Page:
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Senate Judiciary Committee Puts Kavanaugh Accuser in DOJ Crosshairs

The head of the Senate Judiciary Committee referred Michael Avenatti to the Justice Department for criminal investigation on Thursday, saying the lawyer and a woman he represented misled the committee with during Justice Brett Kavanaugh’s confirmation hearing.

WASHINGTON (CN) - The head of the Senate Judiciary Committee referred Michael Avenatti to the Justice Department for criminal investigation on Thursday, saying the lawyer and a woman he represented misled the committee during Justice Brett Kavanaugh’s confirmation hearing.

Avenatti's client, Julie Swetnick, submitted a declaration to the Judiciary Committee last month stating she was aware that Kavanaugh helped spike punch and drug women at high school parties in the 1980s. Swetnick claimed Kavanaugh and others at the parties did this so they could "gang rape" the women in side rooms, and that she had seen Kavanaugh waiting in line outside of these rooms at parties she attended.

Swetnick came forward after Kavanaugh’s nomination to the high court brought allegations of sexual misconduct against him by two other women.

In his letter today, however, Committee Chairman Chuck Grassley told the Justice Department that committee investigators were unable to find any information backing up Swetnick and Avenatti's claims. He said they instead turned up evidence that Swetnick did not even known Kavanaugh.

"When charlatans make false claims to the committee - claims that may earn them short-term media exposure and financial gain, but which hinder the committee's ability to do its job - there should be consequences," wrote Grassley, an Iowa Republican. "These laws exist to ensure that there are."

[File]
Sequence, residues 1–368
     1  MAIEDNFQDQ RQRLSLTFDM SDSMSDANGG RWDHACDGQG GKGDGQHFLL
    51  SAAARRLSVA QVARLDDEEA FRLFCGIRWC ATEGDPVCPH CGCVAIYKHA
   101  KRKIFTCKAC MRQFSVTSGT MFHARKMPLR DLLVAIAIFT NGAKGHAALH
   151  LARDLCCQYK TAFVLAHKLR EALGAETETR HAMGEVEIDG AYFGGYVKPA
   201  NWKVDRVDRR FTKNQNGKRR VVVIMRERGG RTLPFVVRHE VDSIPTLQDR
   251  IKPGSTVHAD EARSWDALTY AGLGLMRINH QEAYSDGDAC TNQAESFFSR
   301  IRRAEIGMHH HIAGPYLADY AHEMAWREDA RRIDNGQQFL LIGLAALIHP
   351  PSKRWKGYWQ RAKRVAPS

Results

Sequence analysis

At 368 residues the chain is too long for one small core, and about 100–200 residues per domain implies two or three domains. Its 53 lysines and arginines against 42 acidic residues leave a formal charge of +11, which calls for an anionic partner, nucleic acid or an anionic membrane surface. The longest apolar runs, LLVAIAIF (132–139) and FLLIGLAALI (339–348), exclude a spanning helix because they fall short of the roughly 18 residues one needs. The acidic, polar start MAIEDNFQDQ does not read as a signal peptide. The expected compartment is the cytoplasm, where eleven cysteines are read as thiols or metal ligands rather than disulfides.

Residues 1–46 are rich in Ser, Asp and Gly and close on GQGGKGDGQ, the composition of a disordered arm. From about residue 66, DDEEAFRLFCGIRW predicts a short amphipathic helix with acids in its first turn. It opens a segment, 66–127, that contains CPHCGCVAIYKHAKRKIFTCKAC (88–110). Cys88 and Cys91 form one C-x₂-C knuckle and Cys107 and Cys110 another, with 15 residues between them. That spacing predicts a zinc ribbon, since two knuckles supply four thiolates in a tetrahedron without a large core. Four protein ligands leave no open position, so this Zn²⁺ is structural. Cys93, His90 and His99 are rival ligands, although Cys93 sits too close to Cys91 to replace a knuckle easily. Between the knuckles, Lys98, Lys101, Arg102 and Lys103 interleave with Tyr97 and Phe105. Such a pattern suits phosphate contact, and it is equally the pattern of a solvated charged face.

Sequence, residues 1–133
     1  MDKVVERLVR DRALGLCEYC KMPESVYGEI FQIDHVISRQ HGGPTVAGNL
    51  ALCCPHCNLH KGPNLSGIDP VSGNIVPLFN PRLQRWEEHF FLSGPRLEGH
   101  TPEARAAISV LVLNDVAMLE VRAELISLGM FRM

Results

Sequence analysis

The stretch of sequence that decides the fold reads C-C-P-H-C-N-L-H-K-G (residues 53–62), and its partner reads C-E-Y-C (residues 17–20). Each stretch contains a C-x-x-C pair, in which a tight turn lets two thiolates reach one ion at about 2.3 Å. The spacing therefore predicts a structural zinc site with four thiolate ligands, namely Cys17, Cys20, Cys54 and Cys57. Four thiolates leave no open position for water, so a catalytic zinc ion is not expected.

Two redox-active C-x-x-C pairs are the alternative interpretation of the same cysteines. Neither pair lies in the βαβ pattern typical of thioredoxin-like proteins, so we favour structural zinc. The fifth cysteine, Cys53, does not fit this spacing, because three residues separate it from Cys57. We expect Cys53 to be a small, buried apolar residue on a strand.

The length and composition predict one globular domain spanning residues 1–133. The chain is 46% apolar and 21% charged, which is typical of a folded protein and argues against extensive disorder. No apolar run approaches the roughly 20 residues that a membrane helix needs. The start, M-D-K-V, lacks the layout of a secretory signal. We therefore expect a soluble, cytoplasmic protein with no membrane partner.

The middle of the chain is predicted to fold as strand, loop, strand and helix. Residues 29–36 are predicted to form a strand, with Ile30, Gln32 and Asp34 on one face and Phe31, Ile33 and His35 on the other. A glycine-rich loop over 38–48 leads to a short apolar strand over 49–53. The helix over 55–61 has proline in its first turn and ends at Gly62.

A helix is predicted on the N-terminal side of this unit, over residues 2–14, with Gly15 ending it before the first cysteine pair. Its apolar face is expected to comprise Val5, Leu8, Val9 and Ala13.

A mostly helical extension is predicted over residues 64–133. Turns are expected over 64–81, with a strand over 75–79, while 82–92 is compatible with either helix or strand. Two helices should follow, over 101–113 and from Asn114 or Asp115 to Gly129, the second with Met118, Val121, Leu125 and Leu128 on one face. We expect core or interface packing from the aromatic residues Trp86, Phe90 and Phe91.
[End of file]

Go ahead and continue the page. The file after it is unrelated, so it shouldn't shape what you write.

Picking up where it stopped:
Grassley's letter begins by noting that Swetnick's claims changed significantly between the day Avenatti posted her declaration to Twitter and when she appeared on NBC News for an interview. Whereas Swetnick originally cast Kavanaugh as being deeply involved in the efforts to spike drinks with alcohol and drugs at the parties, she told NBC News on Oct. 1 that she merely saw him handing out Solo cups to girls.

She also said in the interview the lines of boys waiting to have their "turn" with an incapacitated girl in a side room at the parties were more accurately described as huddles of boys standing near doorways.

The letter also notes Swetnick has a history of filing frivolous lawsuits and that people who knew Kavanaugh in high school have come forward to say they were not aware of any such behavior at their parties and that they never knew Swetnick, who attended a different school in the same Maryland county.

Grassley said the committee spoke with 10 people who knew Swetnick directly and that the interviews uncovered other reasons to doubt her credibility. In one declaration, a man who dated Swetnick told the committee she "harassed and stalked" him after they broke up, threatening him to the point that he filed a restraining order against her.

The letter also does not spare Avenatti, who is an early contender for the Democratic nomination for president in 2020. According to the letter, actor Patrick Dempsey sued Avenatti in 2013, claiming the lawyer misled him about a coffee company the two formed together. A former partner at Avenatti's law firm also resigned after claiming the firm owed him millions of dollars and Avenatti's ex-wife said in court documents during their divorce that Avenatti hid income from her.

In an email Thursday, Avenatti said Grassley "made a major mistake" by submitting the referral to the Justice Department.

"It is ironic that Senator Grassley now is interested in investigations," Avenatti posted on Twitter. "He didn't care when it came to putting a man on the SCOTUS for life. We welcome the investigation as now we can finally get to the bottom of Judge Kavanaugh's lies and conduct. Let the truth be known."

Categories / Government, Law, Politics

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